Monday, October 31, 2005

Living in the Dorms


I live in the dorms at school. Very international, but not very Japanese. Tonight, I heard Italian, Chinese, German, Swedish, Japanese, and French at one time or another. As international as this is, the only Japanese is when students practice (so often is limited Japanese and with a heavy accent) or on TV. I guess this makes sense, as the only thing the school teaches is Japanese to foreign students.

The dorms are probably good for the younger students, as they get a chance to meet people from many other countries. For many of these kids (and they seem like kids to me - I am old enough to be the father of some) this is their first trip abroad.

The dorm has 2 kitchen-lounges to use to cook, eat, study, relax, etc. One of them is primarily used by the students from Taiwan. The other lounge is primarily used by English speakers. Of course, there are other students than Taiwanese and English-speakers who use each lounge, and students from each side do venture to the other side at times, but this is what the majority seems like on any given day.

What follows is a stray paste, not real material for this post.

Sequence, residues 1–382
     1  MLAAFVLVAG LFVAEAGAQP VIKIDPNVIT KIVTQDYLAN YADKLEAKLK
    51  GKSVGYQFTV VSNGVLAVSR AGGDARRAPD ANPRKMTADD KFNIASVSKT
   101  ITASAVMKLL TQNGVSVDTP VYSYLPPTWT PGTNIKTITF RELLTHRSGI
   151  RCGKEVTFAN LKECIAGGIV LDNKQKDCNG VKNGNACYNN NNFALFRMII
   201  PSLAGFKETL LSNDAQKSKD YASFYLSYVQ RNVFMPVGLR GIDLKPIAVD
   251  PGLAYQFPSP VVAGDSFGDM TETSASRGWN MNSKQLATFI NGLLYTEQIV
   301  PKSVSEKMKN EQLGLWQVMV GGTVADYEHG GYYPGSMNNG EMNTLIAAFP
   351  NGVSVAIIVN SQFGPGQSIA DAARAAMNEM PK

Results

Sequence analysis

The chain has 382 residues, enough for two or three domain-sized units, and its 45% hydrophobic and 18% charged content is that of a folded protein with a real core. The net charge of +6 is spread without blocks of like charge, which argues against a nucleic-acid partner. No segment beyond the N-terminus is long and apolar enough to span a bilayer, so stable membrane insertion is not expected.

I use the Taiwanese lounge, both because that is where I was assigned a box to keep my food, but also because the Taiwanese are much better are trying to speak in Japanese than the folks on the English speaking side.

学校のドーミトリーに住んでいる。 国際だ、けど日本式じゃない。今晩、イタリア語と中国語とドイツ語とスウェーデン語と日本語とフランス語を聞いた。国際でも、少ない日本語が使う。 外国人の練習とテレビで日本語で使う。 その学校は外人に日本語を教えるクラスがあるから。

若い学生にはドーミトリーに住んでいるのがいいだろう。ほかの国から来た学生に会えるから。 沢山若い学生は始めの外国へ旅行だ。



Saturday, October 29, 2005

Japanese Soccer

Today I went to a soccer game. I went with some other students to watch the Nagoya Grampus 8 team play the Shimizu S-Pulse team. These are J-League teams, the top teams within Japan. Grampus is an interesting name for a team. It is an English word, but I had to look it up. It is the name of a legendary killer whale.

The stadium was very nice, but is rarely used. It is located in the city of Toyota, which is where the company of the same name is also based. The stadium was made for the Japan-Korea World Cup matches a few years ago, but in the end none of the matches were played there. So Toyota bought the Nagoya team and plays about half the home matches there as a way to make sure the stadium gets some use.